Strict regulations on drug safety and testing make it difficult to develop new treatments for rare, obscure and deadly diseases, according to experts. As the Orphan Drug Act turns 40, advocates want Congress and the Food and Drug Administration (FDA) to be more flexible when supporting the development of treatments and cures for rare diseases. 

“Quality and access are the two largest challenges for the next few years,” Thomas Crawford, a pediatric neurologist at Johns Hopkins Children’s Center, said. “There’s a need to modify and move the Orphan Drug Act into the next generation.”

Rare diseases are defined as those with fewer than 200,000 patients. There are estimated to be about 10,000 rare diseases impacting 30 million Americans, half of whom are children, according to the National Institute of Health (NIH).

The 1983 Orphan Drug Act provided a framework for developing treatments for these rare diseases through financial incentives for drug manufacturers and expedited approvals. Before the ODA, there were less than 40 treatments for rare diseases. Now there are over a thousand, but an estimated 90 percent of rare diseases still don’t have a treatment, advocates say.

“Rare diseases really aren’t that rare,” said Heidi Ross, vice president of policy at the National Association of Rare Disorders. “There are millions of Americans who are still holding out that chance and still want that opportunity to change the lives of their loved ones, to change the lives of themselves.”

Industry experts and patient advocates discussed the future of the ODA at an event hosted by The Hill on Tuesday to celebrate Rare Disease Day, the international day of advocacy for rare disease treatment. The event was sponsored by Alexion, the rare disease division of AstraZeneca, and moderated by The Hill’s Editor-in-chief, Bob Cusack.

Many of the barriers for rare disease treatment development are regulatory, Crawford and others said. When developing treatments, researchers are allowed to go outside of set guidelines in order to treat deadly cases of disease. However, there is no guidance from the FDA or Congress on how far they can or should go outside those guidelines, or what that may look like.

That makes it difficult for the FDA to approve treatments for rare diseases, which usually have less certainty in treatment outcomes, according to former FDA official Frank Sasinowski. Sasinowski helped implement the ODA while with the office, and has since worked as a rare disease advocate.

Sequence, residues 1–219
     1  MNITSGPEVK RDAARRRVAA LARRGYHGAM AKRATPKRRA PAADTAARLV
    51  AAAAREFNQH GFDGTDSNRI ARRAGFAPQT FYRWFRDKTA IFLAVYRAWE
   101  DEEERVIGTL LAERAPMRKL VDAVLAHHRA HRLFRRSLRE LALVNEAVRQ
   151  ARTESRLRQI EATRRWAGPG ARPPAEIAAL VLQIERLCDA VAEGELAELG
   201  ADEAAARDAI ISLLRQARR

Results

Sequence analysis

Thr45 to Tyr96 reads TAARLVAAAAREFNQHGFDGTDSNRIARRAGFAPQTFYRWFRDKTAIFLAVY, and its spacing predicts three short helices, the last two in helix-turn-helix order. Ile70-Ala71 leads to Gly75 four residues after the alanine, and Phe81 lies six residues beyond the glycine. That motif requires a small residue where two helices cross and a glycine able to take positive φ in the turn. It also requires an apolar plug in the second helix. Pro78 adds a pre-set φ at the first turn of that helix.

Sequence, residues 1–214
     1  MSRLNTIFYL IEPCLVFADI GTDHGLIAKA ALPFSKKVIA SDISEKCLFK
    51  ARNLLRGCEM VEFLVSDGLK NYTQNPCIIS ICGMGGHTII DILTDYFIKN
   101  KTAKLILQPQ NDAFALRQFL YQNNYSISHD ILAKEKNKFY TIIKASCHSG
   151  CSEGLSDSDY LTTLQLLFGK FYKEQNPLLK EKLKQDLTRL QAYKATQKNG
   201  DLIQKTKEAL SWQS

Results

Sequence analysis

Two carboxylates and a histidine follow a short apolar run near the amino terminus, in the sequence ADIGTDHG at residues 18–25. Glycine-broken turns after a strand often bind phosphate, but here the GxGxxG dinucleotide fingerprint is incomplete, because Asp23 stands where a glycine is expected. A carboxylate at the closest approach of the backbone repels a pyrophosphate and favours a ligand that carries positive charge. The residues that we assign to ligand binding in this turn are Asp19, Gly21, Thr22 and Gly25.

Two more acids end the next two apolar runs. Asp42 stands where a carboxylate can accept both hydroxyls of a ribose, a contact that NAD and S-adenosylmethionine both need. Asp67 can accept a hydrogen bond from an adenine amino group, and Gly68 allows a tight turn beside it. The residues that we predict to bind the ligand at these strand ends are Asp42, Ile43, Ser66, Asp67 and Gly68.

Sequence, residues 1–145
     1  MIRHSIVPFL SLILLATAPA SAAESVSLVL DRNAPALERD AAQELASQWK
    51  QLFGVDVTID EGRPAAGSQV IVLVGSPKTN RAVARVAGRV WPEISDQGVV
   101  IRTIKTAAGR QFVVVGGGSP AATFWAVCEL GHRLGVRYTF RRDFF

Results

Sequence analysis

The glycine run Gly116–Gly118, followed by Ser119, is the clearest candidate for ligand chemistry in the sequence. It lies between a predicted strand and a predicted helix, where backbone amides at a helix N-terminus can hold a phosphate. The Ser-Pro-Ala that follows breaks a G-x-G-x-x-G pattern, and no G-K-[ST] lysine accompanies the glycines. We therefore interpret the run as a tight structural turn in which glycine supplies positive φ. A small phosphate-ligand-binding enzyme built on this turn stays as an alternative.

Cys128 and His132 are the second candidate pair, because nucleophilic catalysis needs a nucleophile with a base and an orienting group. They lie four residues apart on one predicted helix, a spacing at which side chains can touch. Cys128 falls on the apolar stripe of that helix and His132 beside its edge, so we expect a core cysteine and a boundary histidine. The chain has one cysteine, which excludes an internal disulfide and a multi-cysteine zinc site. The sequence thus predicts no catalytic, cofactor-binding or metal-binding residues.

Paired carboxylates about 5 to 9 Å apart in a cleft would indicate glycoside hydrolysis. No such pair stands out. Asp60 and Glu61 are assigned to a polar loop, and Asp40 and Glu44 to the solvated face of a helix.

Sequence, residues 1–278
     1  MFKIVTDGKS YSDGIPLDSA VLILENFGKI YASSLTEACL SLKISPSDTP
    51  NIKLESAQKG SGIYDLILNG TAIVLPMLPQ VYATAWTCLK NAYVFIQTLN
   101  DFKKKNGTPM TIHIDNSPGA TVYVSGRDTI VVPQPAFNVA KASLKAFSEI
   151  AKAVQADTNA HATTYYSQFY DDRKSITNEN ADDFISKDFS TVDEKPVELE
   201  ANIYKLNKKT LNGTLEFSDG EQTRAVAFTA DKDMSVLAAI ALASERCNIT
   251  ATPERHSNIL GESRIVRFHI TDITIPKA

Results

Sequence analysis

“It’s akin to being told that you as an FDA official should be allowed to color outside the lines, but we’re not going to tell you how far before you’ve gone too far. And we’re not going to tell you what colors you can use. It’s a terrible burden,” he said.

Some experts proposed the development of regulations corresponding to the size of the disease itself. A disease with fewer cases and a higher severity would perhaps be easier to approve a treatment for compared to one which is more common or less severe, for example.

“The idea that you can have one regulatory authority for a disease that affects two kids or 200,000 with the same metric of safety is crazy,” Crawford said. “It also has to do with cost because if the safety bar is so high, that means the costs are usually so high that (patients) can’t do it.”

But to do that, the FDA should look to patients, not Congress, Global Liver Institute founder Donna Cryer said. Cryer herself suffers from a rare form of liver disease, she said. She advocated for patient-focused drug development meetings, which has been used in limited cases by the FDA.

“Having patients set what is the right mark between the benefits, the safety and the efficacy of a particular treatment in the context of the disease … getting that directly from patients about what risk they are willing to take, frankly, is much more useful either to FDA than having the data all by themselves, and it’s certainly not something the legislature is qualified to do,” Cryer said.

One concern that some experts shared with Rep. Mariannette Miller-Meeks (R-Iowa) is the impact of the Inflation Reduction Act on rare disease treatment development. The portion of the IRA which regulates drug prices could lead to reduced industry revenue and to reduced investment in research, analysts say.

“I was very concerned about the provisions of the (Inflation Reduction Act), especially when it comes to rare and orphan diseases,” Miller-Meeks said following the panel. “Even a CEO admitted that there are drugs that will never come to the marketplace. We already know companies that are standing back from research and development, and that means research and development into diseases that are uncommon.”

Miller-Meeks said she hopes to see bipartisan support for rolling back that section of the IRA and she has seen some bipartisan support for expanding the use of telehealth and allowing generic production of drugs like insulin, she said.